Concert Archives: Creston’s Marimba Concertino

On Feb. 24, 2001, marimba soloist Gifford Howarth—at the time a percussion instructor at Penn State and at Nazareth College, more recently a professor at Bloomsburg University, and all along the nephew of SASO timpanist Harold Howarth—joined then-music director Warren Cohen and the Southern Arizona Symphony Orchestra in the marimba concertino by prominent American composer Paul Creston…

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Program notes for Oct. 4-5 concerts

By Tim Secomb The French composer Hector Berlioz was very influential in the development of the modern orchestra, particularly through his Treatise on Instrumentation, and also in the development of musical Romanticism. Like many other composers, Berlioz was inspired by Goethe’s dramatic poem Faust. His La damnation de Faust (The Damnation of Faust) is a work for four solo…

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Preview of SASO’s Oct. 4-5 season opener

By Punch Howarth Linus Lerner again conducts the season opening concert by the Southern Arizona Symphony Orchestra, on Oct. 4–5, 2013, featuring Gustav Holst’s The Planets, as well as music by Berlioz and Mozart. Opening the program is a stately Hungarian military march by Hector Berlioz. He labeled it Rakoczy March and it is from…

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Concert Archives: Cohen’s “Night Music”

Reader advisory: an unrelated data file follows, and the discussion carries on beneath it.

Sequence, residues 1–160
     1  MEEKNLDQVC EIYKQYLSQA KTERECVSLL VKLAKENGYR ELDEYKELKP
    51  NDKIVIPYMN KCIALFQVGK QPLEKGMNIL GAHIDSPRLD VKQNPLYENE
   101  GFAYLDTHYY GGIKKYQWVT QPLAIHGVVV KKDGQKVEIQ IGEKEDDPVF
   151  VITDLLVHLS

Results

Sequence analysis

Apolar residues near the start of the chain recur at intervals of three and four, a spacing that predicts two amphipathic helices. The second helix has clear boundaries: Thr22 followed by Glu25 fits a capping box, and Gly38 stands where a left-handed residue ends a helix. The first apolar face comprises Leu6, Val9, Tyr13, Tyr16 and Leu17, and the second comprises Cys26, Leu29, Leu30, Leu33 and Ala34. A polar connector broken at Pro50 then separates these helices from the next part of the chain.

On Feb. 24, 2001, then-music director Warren Cohen led the Southern Arizona Symphony Orchestra in the world premiere of his own Night Music (Concerto Grosso No. 2) at Tucson’s Berger Center for the Performing Arts. Cohen writes: “Night Music grew out of a desire to write a piece of music that captured the moment in time when we…

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SASO Souvenirs of the Oaxaca Opera Festival

D.R. Ransdell

SASO violinist (and mystery novelist) D.R. Ransdell reports on the orchestra’s second annual visit to the Oaxaca Opera Festival, culminating in concerts Aug. 9 and 10, 2014. You can read all about it, and see colorful photos, at her own blog.

Concert Archives: Novák’s “Moravian-Slovak Suite”

On Feb. 18, 2001, then-music director Warren Cohen led the Southern Arizona Symphony Orchestra in a rare performance of Vitezslav Novák’s Moravian-Slovak Suite. Composed in 1903, it’s a sequence of tone pictures: “In the Church,” “Among Children,” “The Amorous Couple,” “The Country Musicians,” and “At Night.” Listen to SASO perform the suite in concert at…

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Playing Beethoven’s Ninth, from the Inside

SASO violinist—and novelist, and mariachi musician—D.R. Ransdell reveals what it was like to struggle through, and ultimately succeed in, Beethoven’s Ninth Symphony with the Southern Arizona Symphony Orchestra at her own blog.

Program Notes for Our May, 2014 Concerts

By Tim Secomb Dmitri Shostakovich wrote his Festive Overture in 1947 to commemorate the thirtieth anniversary of the Russian Revolution. First performed in 1954, it is unusual among Shostakovich’s works for its gaiety and lack of introspection. Perhaps the composer consciously wrote in this populist style to make fun of the artistic censorship imposed on…